There are, broadly, three classes of offroader.
These are the driver, the builder, and the tourer. The driver enjoys the challenge of manouvering the vehicle across difficult terrain. The builder enjoys the challenge of creating a vehicle that can handle the terrain. And the tourer just wants to get there and doesn’t care how.
Two of these classes are under threat from the advance of technology as modern cars are becoming easier and easier to drive, and harder and harder to modify. These advances erode the pleasures of the driver and the builder, leaving only the tourer happy as their focus is on an easy ride to their destination.
Most of us are alternately drivers, builders or tourers depending on our mood, stage in life and finances. My personal bias is towards the driving side of things, and the reason technology is eroding my pleasure is because it is eroding the challenge. There’s satisfaction when you get a difficult manouver right – as an example, my Toyota 86 is manual, and I derive huge pleasure from a perfectly timed heel’n’toe downchange, a skill modern automatics make entirely redundant. On the 4WD side my cars don’t have have 35″ tyres because that makes life too easy on almost all forest tracks, you just drive anywhere you want, any which way you like. It’s simple – no challenge, no satisfication of achievement.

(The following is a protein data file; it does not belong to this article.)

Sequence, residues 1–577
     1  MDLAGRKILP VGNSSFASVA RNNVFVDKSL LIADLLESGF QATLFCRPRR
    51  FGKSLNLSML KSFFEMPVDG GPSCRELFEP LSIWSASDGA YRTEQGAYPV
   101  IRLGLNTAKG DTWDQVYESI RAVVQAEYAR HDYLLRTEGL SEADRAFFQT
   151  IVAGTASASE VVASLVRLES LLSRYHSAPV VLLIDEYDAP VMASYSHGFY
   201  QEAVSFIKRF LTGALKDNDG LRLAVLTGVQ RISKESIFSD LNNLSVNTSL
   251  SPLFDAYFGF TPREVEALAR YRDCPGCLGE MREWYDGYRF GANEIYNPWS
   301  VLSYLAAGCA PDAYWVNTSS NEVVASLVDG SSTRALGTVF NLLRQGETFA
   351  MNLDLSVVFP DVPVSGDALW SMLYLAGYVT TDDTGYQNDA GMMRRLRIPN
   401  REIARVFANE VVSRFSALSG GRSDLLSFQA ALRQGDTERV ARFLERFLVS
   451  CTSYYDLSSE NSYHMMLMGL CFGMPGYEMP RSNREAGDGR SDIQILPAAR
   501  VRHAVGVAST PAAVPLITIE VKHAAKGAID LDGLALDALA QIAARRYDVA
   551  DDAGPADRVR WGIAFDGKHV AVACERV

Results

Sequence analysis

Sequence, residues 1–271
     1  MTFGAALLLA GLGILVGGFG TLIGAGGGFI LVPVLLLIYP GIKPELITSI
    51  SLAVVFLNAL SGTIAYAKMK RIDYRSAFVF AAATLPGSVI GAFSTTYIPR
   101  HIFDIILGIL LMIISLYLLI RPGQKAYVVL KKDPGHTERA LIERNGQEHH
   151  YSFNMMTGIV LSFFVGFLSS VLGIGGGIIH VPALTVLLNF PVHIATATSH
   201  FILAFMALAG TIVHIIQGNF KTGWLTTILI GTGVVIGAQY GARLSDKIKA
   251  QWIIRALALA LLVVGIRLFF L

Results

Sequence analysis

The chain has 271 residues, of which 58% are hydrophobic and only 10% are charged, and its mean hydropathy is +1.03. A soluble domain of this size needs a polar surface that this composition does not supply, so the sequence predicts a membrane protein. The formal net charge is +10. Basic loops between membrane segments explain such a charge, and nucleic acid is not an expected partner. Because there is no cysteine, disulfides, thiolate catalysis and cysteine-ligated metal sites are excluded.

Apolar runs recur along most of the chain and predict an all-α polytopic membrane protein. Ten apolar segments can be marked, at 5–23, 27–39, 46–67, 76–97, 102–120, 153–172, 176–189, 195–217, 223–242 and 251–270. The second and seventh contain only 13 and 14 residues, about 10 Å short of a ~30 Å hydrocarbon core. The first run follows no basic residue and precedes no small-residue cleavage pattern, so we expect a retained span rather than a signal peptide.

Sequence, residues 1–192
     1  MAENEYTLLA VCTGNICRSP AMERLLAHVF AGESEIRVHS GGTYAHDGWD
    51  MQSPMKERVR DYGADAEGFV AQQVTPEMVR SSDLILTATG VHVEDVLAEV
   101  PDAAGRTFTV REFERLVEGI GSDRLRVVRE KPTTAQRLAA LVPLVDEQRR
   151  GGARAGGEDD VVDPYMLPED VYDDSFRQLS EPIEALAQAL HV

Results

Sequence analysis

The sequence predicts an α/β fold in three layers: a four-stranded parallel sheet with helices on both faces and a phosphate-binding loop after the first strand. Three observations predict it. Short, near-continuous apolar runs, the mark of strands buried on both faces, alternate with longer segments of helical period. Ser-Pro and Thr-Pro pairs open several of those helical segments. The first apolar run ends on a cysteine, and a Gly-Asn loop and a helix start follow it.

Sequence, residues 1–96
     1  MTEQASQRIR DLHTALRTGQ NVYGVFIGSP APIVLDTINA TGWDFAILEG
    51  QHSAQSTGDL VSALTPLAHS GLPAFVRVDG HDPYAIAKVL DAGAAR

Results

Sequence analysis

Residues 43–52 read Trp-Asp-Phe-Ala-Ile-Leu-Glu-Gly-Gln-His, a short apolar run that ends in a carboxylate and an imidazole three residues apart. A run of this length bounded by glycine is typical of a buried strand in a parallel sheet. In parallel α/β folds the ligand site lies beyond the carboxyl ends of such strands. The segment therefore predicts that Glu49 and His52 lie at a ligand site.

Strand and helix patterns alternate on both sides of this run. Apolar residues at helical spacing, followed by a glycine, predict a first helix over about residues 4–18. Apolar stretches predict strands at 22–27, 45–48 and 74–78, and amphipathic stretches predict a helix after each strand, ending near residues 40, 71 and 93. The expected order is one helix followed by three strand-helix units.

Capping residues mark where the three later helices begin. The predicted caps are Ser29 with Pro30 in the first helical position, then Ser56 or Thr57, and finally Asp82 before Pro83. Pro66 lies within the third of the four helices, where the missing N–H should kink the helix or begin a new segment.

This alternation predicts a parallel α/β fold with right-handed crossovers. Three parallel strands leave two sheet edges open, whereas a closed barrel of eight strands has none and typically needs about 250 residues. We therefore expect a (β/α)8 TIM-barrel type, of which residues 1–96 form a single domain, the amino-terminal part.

There is no reversering this trend of modern cars, and it is necessary to reduce the road toll as like it or not, the ultimate goal of self-driving cars will see a much safer transport environment than today’s human-driven vehicles could ever provide. Yet for the drivers and builders the options are narrowing with every new model released. There’s the odd holdout, such as the Jeep Wrangler and the aforementioned Toyota 86, but nevertheless the automation trend is clear.
This is why I was so excited to drive a Tomcar. While designed very much as a working, commercial tool, the thing is even more fun in a state forest than a Wrangler, and that’s high praise from me. It’s fast, rewards skill, is simple and light. It’s hard to kill, there’s no panels to bend, it’s light so recoveries are easy and safe and a new one costs less than $25k. In short, it’s less risk and less cost than a 4WD, but more fun.
I can see a real market for the car amongst recreational offroaders – you could buy a junker GQ for say $5 or $10k, drop more $ on tyres, winch and all the other gear you’ll need for fun, then spend your weekends fixing it. Or get a Tomcar which is ready to roll out of the box, will be reliable, cheap to run and unlikely to be broken.
The road-legal version can’t come soon enough for me!